In The Relationship Cure author John Gottman focuses on emotional intelligence and “bid for connections”.
Such as, how partners open up for emotional bonding and what it means for relationships.
- Responding well to bids for (emotional) connection is crucial for healthy relationships
- You need to know your partner to effectively and constantly recognize all the bids for connections
- When communication is poor some bids can be hidden behind criticism, arguments or seemingly innocuous remarks
A bid for connection can come in many forms. It can be a question, a touch, a comment, a gesture… Any expressions through which someone wants to feel connected with you.
How people respond to bids as a huge, huge effect on relationships.
Husbands heading for divorce, for example, miss (or disregard) bids for connections 82% of the times, while husbands in stable relationships only miss it 19% of the times (for women, it’s 50% and 14%, which also tells us men miss more bids for connection).
Responding to Bids For Connection
There are three ways to respond to bids for connection:
- Turning towards (and we increase our emotional capital)
- Turning away (it ignores the bid)
- Turning against (it reacts with anger)
Here’s an example:
The man is at the computer to fix an important work issue. He looks nervous and worried. The wife gets up and silently puts a hand on his shoulder.
If he reaches out to her hand, or turn around and touches her, he’s turning towards. If he keeps ignores he, he turns away. If he gets angry and tells her not to touch her, he’s turning against.
It’s not always to recognize bids. Sometimes a question or a comment can be “transactional”, such as it has not deeper meaning beyond getting something done or conveying a certain information.
Gottman says that it requires emotional intelligence and getting to know the person well.
Once you know the person, you will better understand them and will also recognize where, when and how they’re more likely to make emotional bids.
Sometimes bids are not even made but are hidden behind a complaint or a criticism. It’s what Gottman refers to as the “longing behind the criticism” in Ten Lessons to Transform Your Marriage.
For example, if you’re at the computer and your wife complains to you that you’re always working, she might not really be tired of you working so much.
But she might be actually making a bid for connection in asking you to turn towards her care more about her.
Partners Don’t Try Again After Failure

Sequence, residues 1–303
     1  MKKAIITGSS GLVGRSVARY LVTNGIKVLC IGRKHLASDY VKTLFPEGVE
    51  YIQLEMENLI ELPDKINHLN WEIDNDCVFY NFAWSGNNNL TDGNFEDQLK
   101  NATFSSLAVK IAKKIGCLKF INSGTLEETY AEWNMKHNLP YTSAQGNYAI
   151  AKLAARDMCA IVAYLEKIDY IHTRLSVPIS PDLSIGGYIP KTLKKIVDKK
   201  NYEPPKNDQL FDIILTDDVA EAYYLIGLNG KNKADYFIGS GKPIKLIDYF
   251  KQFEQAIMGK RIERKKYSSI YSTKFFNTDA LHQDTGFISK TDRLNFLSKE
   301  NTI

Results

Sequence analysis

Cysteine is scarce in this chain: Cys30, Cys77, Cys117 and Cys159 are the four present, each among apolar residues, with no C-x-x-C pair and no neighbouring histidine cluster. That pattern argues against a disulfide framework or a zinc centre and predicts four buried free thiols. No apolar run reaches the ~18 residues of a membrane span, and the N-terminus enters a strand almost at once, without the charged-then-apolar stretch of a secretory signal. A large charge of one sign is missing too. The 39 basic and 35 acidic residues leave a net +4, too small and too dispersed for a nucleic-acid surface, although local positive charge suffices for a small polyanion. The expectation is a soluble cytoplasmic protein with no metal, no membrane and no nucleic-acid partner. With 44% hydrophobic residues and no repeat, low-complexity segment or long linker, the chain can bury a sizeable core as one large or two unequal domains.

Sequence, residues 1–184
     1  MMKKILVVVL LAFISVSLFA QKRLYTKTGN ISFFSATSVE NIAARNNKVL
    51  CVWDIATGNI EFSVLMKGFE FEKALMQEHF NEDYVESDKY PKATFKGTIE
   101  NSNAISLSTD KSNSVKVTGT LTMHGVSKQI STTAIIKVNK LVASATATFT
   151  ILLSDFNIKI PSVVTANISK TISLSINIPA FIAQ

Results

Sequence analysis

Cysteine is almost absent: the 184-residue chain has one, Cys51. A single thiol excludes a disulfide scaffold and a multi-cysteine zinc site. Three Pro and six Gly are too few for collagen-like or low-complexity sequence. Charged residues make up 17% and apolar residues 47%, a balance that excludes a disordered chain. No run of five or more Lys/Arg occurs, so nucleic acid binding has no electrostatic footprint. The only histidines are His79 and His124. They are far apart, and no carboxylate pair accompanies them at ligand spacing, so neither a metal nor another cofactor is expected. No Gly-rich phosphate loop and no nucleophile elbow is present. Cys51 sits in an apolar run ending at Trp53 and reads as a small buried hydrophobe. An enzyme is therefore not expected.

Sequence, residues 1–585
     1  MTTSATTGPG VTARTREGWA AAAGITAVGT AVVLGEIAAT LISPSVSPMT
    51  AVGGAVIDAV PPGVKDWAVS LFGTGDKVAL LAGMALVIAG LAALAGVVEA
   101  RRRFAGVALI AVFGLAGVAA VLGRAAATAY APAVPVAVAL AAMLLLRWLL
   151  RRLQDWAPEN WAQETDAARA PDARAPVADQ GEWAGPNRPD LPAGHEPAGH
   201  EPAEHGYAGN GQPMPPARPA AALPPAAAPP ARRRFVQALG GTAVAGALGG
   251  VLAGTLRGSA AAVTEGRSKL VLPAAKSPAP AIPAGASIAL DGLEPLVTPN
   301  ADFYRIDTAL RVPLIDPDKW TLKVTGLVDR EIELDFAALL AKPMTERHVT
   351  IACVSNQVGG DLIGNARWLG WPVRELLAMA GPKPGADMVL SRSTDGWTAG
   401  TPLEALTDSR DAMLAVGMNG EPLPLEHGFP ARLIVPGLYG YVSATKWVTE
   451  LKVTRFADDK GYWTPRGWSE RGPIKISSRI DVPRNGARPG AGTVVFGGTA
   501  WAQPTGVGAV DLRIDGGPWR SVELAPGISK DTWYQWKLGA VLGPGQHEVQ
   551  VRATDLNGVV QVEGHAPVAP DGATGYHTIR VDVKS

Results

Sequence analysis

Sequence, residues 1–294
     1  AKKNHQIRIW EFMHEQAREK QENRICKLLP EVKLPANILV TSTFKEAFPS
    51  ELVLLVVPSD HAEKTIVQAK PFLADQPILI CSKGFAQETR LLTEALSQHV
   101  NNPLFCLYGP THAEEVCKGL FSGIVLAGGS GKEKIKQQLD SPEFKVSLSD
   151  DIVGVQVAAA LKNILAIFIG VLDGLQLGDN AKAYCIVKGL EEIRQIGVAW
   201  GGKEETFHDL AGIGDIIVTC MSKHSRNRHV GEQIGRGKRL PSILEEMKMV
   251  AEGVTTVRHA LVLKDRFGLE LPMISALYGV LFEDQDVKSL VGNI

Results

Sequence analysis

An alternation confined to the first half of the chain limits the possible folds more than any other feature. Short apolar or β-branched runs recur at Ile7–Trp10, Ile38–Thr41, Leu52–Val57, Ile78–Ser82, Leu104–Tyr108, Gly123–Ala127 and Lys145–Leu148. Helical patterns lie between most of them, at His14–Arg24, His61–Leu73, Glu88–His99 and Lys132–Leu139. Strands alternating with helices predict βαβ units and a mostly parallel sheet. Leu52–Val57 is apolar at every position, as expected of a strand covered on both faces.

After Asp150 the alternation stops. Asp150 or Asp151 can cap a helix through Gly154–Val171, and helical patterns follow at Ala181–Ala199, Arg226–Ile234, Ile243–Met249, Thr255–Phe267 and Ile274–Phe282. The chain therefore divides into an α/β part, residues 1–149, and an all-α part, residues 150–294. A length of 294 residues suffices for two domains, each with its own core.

After a bid for connection has been rejected, people usually don’t try it again.
Gottman says people only retry in 20% of the cases.
Men Are Key
Women make bids for connection at the same rate independently of the health of their relationships.
Which, Gottman implies, give men more power to turn around those relationships for good.
Men keep having the same chances to emotionally connect even when things are not going well.
Families Influence Our EQ Levels
Family culture is key.
- Emotionally intelligent families teach children
Emotionally intelligent families teach children to accept their feelings and to handle them appropriately. They value emotions and the expression of emotions, which is key in raising healthy children.
- Emotionally dismissing families suppress EQ
Some other families dismiss feelings or disapprove of them.
Children are subtly -or non subtly- discouraged from showing feelings. When a kid or a family member is emotional or too sad, the family turns away (or against).
Minimizing feelings is also in the same category (ie.: “oh come on it’s just a toy”).
Gottman also doesn’t believe people should force themselves to be positive. He says that experiencing all emotions is the better options.
Real Life Applications
Watch out for bids!
Take care of bids for connection, they’re the main building block of relationships.
I see people missing those all the times, and that’s where relationships turn sour and partners feel lonely. This goes for any kind of relationship!
Check out: 4 communication mistakes men destroy relationships with.
To build an emotional connection..
… Turn towards that person emotionally as often as you can.
This is the greatest advice since How to Win Friends and Influence People.
- Could be more precise
I think this bidding concept is waaay too underrated and way too misunderstood.
In a way, I’m glad Gottman dedicates a whole book to it. But in a way, I’m also angry that the Relationship Cure, in my opinion, doesn’t do a great job in clarifying and exemplifying what bids are.
- A bit fluffy
Atypical of John Gottman’s books, I found The Relationship Cure to be a bit fluffy. The concept is fundamental, but it’s also simple and it could have been said in a briefer fashion.
Instead it covers lots of topics that Gottman cover better in other books such as The 7 Principles for Making Marriage Work and Why Marriages Succeed or Fail.
- Some fuzziness in the definitions
Gottman talks about the “emotional command systems” but honestly I failed to see much relevance in there (let me know in the comments if you think otherwise!).
And getting into micro-expressions and body language was yes relevant, but trying to explain these complex topics in a few paragraphs felt out of place.
Sheds light on an important topic
This is an important topic which doesn’t get enough recognition.
If you’re unaware of bids for connection, I recommend you look into it. “The Relationship Cure” is a great start.